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Program

Honours Bachelor of Arts in Social Psychology

How do people come to be who they are? How do people think about, influence and relate to one another? How do individuals experience their social realities? These are the broad questions that social psychology strives to answer. Among the themes that social psychology students explore are self-presentation and impression management, identity, emotions, social interaction, conformity and obedience, deviance and labeling, and collective action and social movements.

Hons.B.A.Honours Bachelor of Arts in Social Psychology

How do people come to be who they are? How do people think about, influence and relate to one another? How do individuals experience their social realities? These are the broad questions that social psychology strives to answer. Among the themes that social psychology students explore are self-presentation and impression management, identity, emotions, social interaction, conformity and obedience, deviance and labeling, and collective action and social movements.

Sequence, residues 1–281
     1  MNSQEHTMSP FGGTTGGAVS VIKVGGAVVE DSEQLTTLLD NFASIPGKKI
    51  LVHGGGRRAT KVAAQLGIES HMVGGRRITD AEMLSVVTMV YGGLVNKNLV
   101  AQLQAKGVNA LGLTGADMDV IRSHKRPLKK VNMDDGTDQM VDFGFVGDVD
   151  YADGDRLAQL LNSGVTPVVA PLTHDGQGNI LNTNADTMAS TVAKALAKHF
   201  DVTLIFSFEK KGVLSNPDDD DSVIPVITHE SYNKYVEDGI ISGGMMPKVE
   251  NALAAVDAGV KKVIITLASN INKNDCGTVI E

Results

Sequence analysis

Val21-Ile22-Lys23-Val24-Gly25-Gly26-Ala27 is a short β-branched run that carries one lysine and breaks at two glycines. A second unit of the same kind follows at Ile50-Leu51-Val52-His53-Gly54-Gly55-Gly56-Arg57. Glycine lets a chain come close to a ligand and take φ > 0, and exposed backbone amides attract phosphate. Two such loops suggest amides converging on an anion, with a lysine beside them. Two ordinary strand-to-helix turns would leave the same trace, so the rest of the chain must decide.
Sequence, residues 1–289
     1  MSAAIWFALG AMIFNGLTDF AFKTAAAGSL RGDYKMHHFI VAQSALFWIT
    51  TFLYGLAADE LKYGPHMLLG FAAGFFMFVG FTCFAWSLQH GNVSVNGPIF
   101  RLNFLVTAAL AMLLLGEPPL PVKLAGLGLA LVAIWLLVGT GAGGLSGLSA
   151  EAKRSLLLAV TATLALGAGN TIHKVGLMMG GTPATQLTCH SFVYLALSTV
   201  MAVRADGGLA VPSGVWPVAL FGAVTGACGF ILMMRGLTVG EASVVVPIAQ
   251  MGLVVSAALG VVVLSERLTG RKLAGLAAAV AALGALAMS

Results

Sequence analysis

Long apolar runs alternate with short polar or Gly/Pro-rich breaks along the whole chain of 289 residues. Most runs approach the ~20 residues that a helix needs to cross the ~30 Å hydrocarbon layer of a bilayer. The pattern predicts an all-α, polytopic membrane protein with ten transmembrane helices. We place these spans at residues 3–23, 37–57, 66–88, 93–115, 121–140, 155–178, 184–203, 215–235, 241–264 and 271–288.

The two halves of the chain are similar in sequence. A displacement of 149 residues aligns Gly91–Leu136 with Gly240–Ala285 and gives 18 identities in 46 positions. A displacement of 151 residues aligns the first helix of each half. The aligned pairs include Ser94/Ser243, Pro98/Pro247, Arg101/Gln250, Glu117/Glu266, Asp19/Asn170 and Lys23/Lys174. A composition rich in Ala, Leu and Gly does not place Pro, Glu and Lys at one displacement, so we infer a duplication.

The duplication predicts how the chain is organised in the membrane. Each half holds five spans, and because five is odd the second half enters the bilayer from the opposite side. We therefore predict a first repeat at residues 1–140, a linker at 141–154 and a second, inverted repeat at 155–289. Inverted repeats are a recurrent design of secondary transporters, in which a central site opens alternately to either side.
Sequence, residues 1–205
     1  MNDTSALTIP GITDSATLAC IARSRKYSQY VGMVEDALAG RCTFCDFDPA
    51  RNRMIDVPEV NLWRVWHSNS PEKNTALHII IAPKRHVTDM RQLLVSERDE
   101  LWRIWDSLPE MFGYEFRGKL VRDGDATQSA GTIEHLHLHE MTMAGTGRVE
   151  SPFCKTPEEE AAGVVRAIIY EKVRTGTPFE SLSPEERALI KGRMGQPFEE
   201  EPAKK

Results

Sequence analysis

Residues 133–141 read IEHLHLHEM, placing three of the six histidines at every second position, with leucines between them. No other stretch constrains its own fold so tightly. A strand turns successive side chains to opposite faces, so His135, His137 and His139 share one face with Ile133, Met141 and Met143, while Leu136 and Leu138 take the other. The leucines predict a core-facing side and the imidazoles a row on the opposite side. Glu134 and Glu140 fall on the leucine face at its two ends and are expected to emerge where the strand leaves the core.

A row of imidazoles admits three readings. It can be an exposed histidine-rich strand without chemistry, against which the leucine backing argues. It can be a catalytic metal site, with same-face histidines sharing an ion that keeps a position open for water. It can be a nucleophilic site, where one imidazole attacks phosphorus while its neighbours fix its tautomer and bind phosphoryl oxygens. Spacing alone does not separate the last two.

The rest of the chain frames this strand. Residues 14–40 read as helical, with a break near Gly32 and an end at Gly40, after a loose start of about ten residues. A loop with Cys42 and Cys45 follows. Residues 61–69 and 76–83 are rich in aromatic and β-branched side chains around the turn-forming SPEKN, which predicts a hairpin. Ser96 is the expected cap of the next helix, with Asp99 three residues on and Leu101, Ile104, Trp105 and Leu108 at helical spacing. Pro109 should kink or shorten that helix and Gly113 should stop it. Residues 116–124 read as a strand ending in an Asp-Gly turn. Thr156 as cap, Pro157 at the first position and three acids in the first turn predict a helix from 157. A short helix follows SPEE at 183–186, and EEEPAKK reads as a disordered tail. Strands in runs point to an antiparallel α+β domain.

Since Social Psychology concerns the study of human behaviour, there are job opportunities for social psychology majors in virtually every type of employment setting, including educational institutions, non-profit organizations, corporations, government, and hospitals. Careers can include teaching, research, counselling (not just career counselling, but also mental health, crisis counselling etc.), occupational therapy, community organizing, management, human resources, labour relations, conflict resolution, marketing, policy analysis, strategic planning, correctional services, voluntary services, etc.

The Social Psychology Program provides preparation for professional programs. Graduates may be eligible for some interdisciplinary MA programs. Students must research the graduate school requirements and ensure that they include requisite courses in their program.

Requirements


120 units total (Levels I to IV), of which 48 units may be Level I

 


30 units

from

  • the Level I program completed prior to admission to the program.
    (See Admission above.)

 


3 units

from

  • PSYCH 1F03 - Survey of Psychology
  • PSYCH 1X03 - Introduction to Psychology, Neuroscience & Behaviour

 


3 units

from

  • SOCIOL 1Z03 - An Introduction to Sociology